Leading Meeting Professionals

Professional Convention Management Association

June 2014

Lilly Ledbetter, the Woman Behind the Fair Pay Act

By Susan Sarfati
help other women in the same situation. Organizations should post compensation and include cost-of-living raises. Many workplaces demand that employees not discuss their pay so employees are in the dark.

You obviously march to the beat of your own drummer. What advice would you give women about the balance of being your own person versus trying to fit into an organization?

Never forget where you came from. Never forget who you are. Be true to yourself. I was brought up an only child in a very poor county. I did not think that I should have had to pick cotton for so many hours or snap beans or shuck corn. It was cruel and inhuman treatment. It taught me to always look for something better. Improving needs to be what drives people.

You say that you “gave Goodyear the power to define you and your self-worth.” Can you talk about that, and how you took the bold step to define yourself?

The moment came when I saw the anonymous note. That was the most devastating time in my life. I was embarrassed. How could I face people in the factory by staying for my 12-hour shift? Yet, I couldn’t just walk out and quit. I thought about all the overtime hours I wasn’t paid for and how my retirement would be hurt.

I stood up for myself and then became even angrier when I heard about what other people were facing. I was not alone. People supported and helped me by providing plane tickets for my travel to Washington, D.C., and in many other ways. I was called the poster child for equal pay for equal work. I got men’s attention, too. They said, “I have a mother who wasn’t treated well, I have a wife who wasn’t treated well, and I have daughters who weren’t treated right.”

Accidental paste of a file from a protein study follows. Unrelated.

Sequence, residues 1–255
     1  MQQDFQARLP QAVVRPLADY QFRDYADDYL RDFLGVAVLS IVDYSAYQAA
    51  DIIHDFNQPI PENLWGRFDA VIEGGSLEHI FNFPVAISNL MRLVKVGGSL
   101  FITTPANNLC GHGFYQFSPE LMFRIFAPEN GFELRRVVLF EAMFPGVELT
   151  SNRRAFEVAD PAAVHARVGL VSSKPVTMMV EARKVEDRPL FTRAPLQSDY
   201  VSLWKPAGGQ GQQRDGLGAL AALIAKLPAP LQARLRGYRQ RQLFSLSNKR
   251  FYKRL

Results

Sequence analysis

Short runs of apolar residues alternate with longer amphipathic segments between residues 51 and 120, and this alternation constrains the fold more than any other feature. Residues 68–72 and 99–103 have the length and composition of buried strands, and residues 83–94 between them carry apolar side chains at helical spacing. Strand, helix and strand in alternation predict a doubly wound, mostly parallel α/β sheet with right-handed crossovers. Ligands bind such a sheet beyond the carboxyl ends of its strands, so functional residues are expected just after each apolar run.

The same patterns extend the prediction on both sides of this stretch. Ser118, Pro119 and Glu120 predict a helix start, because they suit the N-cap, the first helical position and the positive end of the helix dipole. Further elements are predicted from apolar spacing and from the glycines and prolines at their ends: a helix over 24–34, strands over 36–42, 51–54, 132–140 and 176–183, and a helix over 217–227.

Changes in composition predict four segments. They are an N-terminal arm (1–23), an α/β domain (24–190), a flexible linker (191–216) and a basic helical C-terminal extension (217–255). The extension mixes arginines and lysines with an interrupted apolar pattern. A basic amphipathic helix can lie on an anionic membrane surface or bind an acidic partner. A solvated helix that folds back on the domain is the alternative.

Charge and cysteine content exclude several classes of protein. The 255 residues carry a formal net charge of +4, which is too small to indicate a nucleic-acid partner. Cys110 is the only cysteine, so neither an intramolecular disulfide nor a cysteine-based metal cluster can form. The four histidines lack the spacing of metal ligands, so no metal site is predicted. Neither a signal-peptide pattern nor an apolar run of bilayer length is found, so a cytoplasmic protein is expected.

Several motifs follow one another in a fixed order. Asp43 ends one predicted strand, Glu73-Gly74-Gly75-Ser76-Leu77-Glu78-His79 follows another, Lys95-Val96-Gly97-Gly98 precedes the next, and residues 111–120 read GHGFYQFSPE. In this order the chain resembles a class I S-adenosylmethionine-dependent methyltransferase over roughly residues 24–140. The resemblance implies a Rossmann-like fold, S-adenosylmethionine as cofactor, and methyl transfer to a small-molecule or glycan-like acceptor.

Goodyear gave me a management job, which I held for 19 years. I ran a good shift. I managed it like it was my own business. I did everything that benefited my company. Now what about me?   

People in the meetings profession are always talking about life balance. As “light-footed Lilly,” you chose dancing as a new interest and became quite accomplished at it. Can you talk about what making time to do something you enjoyed meant to your life?

I always wanted to learn ballroom dancing. But I didn’t have the courage to get up and jump around with men — I knew that I needed lessons. So I started taking lessons and competed for eight years in competitions around the country. I concentrated on becoming the best, and liked the social part of dancing. Being a dancer was the turning point for me at Goodyear. When I had to telephone a male worker in the middle of the night to come to work, usually the wife answered. Especially with a name like Lilly Ledbetter, these wives got very suspicious. So I asked one of the janitors to get the men on the phone, and then I would speak to them.  

After an article in the Goodyear employee newspaper included details about my ballroom dancing, it gave the wives something to talk to me about, so I was able to place these calls on my own.

Don’t just do your job. Get passionate about some hobby, and make time for it. Have something to talk about except for work. It makes you a more interesting person and increases your self-esteem.

Susan Sarfati, CAE, is CEO of High Performance Strategies LLC, which focuses on organizational assessments, innovative thinking in organizational strategy, leadership and management, moving from ideas to execution, and building a human-focused learning culture. She served as CEO of the Greater Washington Society of Association Executives and executive vice president of ASAE. She can be reached at susan@ssarfati.com.

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